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SLC kids learn about science, safety during eclipse

SLC kids learn about science, safety during eclips (Photo: KUTV)

(KUTV) For many students in northern Utah, learning about the solar eclipse was the first lesson of the new school year.

Granite School District held a watch party or other solar event to "ensure all GSD students were able to benefit from this once in a lifetime educational experience," according to spokesman Ben Horsely.

Salt Lake City School District also made some free glasses available to students.

"In Salt Lake City, each school decided if they wanted to purchase glasses. The district provided names and links to reputable vendors, but the schools made the purchases," said district spokesman Jason Olsen.

Students at Washington Elementary in the Capitol Hill-Marmalade area of Salt Lake City spent the morning learning about the science of the eclipse before they donned their NASA-approved glasses to watch it.

"I think this is a great way for school to start," said Miss Mary Lou, a second grade teacher at Washington Elementary.

Miss Mary Lou said safety was her top priority. She taught her class how to wear the glasses and practiced with them several times.

"I think we're probably going to be taping it to their heads. Just to be safe!"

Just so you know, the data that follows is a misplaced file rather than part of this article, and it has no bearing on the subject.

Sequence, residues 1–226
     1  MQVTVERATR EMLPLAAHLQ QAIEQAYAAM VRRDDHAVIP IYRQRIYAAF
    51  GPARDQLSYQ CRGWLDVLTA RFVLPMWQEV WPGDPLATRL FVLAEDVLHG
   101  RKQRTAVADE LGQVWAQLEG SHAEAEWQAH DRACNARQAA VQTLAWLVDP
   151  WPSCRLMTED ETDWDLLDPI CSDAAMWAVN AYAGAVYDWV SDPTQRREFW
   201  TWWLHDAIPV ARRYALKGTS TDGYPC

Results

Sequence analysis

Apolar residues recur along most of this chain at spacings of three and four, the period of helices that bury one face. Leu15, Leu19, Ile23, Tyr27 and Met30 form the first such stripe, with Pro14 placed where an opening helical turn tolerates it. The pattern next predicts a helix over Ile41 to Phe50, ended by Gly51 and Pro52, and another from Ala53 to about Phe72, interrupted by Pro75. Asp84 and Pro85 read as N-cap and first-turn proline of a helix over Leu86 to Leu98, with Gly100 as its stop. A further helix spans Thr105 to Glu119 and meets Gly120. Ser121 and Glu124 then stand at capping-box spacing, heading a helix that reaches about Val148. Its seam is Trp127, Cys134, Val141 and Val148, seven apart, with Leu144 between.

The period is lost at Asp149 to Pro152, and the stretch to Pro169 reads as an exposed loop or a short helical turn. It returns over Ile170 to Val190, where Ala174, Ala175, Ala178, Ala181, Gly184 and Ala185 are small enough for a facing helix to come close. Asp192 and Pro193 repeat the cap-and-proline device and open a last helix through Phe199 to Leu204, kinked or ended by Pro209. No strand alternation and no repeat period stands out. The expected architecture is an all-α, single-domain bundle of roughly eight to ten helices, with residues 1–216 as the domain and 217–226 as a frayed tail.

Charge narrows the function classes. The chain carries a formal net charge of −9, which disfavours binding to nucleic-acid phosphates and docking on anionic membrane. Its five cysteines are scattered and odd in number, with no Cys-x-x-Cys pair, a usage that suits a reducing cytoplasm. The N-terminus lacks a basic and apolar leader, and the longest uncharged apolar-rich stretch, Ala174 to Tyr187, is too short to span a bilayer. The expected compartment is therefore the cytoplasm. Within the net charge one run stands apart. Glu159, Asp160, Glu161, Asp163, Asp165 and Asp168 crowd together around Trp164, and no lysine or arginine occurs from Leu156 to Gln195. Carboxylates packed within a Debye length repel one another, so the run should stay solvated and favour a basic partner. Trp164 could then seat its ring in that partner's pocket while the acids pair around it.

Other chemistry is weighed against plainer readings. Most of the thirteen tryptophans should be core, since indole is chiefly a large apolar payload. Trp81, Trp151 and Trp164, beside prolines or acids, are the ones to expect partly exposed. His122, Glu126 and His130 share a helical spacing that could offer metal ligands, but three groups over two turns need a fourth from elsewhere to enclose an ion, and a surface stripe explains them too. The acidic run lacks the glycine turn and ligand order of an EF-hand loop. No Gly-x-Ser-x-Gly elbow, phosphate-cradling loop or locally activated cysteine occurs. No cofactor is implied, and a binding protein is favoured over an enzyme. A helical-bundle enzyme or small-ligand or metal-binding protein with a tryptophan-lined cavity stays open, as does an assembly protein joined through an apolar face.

She said the first day of school is filled with excitement, and she was happy to get the school year off to a running start.

"It's kind of fun because we get to start the first day of school doing science, which is not something we usually get to do. So the kids are excited about it," she said.

Parent Sarah Kelly agreed.

"The kids are actually a little bit more mellow on the first day of school because they're figuring out what the rules are, trying to figure out what their boundaries are with their new teachers," she said. "So the first day is actually probably a good day for something like this! Later in the year, when they've got a little more comfortable, they can be a little more wild."

Kelly said this was a great learning experience for her kids at the school, who are in fifth and third grade.

"It's good to go back and see some models and show them, now, from space, this is what you saw on the playground."

August 12, 2045, Utah will be in the path of another full solar eclipse. The Salt Lake City area will be within the range of a full eclipse that day, as 2News viewers saw in Idaho and Wyoming today.

NASA recommended watching the eclipse with solar filter glasses rated ISO 12312-2 or higher. Welder's glass #14 or stronger are also approved.

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